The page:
'One would be forgiven for believing that there is an epidemic of depression worldwide. In the United States, for example, the number of prescriptions filled out for antidepressants more than doubled in 12 years, from 11.2 million in 1998, to 23.3 million in 2010. But is this a true reflection of the mental health of the nation, and indeed the world? Are all these people truly depressed, or could many of these diagnoses be incorrect?
Experts warn that part of the problem may be a health questionnaire used by doctors to determine whether or not their patients might have depression. Known as the PHQ-9, the nine-part quiz asks patients how often they have been aware of certain issues over the preceding two-week period.
These problems include:
- Little interest or pleasure in doing things;
- Feeling down, depressed or hopeless;
- Trouble falling or staying asleep, or sleeping too much;
- Feeling tired or having little energy;
- Poor appetite or overeating;
- Feeling bad about yourself – or that you are a failure, or have let yourself or your family down;
- Trouble concentrating on things like watching TV or reading the newspaper;
- Slow speech or movement; and
- Thoughts of suicide or the desire to hurt oneself in some way.
Patients are required to select either a) not at all; b) several days; c) more than half the days; or d) nearly every day. Points are assigned for each response, and hey presto, a diagnosis is made of no depression, mild depression, moderate depression, moderately severe depression or severe depression.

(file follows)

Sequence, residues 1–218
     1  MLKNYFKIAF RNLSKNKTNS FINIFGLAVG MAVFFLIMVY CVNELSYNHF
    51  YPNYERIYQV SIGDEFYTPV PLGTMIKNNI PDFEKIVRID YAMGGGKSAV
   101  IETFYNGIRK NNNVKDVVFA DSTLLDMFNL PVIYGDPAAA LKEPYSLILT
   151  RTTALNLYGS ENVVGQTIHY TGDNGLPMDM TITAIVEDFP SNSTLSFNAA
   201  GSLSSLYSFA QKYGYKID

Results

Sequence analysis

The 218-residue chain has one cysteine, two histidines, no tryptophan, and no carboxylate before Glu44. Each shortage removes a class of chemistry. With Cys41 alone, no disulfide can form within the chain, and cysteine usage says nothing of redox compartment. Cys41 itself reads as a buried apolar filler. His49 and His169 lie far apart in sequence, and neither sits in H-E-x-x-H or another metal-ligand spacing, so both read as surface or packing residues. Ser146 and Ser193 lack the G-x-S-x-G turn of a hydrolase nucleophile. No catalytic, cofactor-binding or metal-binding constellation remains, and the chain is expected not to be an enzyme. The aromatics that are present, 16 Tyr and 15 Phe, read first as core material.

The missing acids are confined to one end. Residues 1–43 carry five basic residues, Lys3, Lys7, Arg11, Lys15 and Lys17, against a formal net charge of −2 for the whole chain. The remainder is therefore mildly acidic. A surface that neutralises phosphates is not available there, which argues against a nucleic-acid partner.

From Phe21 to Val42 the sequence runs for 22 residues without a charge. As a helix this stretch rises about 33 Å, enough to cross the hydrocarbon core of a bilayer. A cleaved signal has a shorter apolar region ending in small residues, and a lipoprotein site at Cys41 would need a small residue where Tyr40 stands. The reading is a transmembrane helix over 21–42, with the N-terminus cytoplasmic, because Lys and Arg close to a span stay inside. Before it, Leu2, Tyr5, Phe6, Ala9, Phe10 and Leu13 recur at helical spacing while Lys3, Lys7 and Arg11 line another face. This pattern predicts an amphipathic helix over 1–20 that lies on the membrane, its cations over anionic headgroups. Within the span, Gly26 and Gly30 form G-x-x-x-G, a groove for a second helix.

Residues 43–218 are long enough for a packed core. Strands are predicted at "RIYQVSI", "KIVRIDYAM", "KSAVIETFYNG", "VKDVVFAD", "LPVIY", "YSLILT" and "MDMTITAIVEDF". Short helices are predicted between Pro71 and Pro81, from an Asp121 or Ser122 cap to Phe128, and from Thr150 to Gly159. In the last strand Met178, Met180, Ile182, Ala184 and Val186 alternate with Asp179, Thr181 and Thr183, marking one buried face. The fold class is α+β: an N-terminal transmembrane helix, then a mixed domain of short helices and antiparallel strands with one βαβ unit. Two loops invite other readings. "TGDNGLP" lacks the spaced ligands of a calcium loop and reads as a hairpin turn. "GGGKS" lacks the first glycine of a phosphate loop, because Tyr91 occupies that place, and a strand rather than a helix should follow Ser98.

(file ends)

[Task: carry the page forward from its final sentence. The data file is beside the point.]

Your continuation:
It is obvious just by glancing at this questionnaire that there is no way it could accurately make a diagnosis of depression, let alone the exact degree thereof. Most of us can identify with many of the feelings on the list, and have probably experienced several of them simultaneously when going through periods of higher than normal stress, like divorce or the death of a loved one. In many cases, those symptoms are simply a reflection of the fact that we are going through a tough time, and we often start feeling better after a few weeks. The questionnaire is especially subjective in that it only examines a two-week period – most certainly not a sufficient period of time to make the diagnosis of a serious mental health issue.'
Read more: PHARMA CON JOB: Doctors are using Big Pharma-created “quiz” to diagnose people with mental illnesses (and put them on high-profit psych drugs)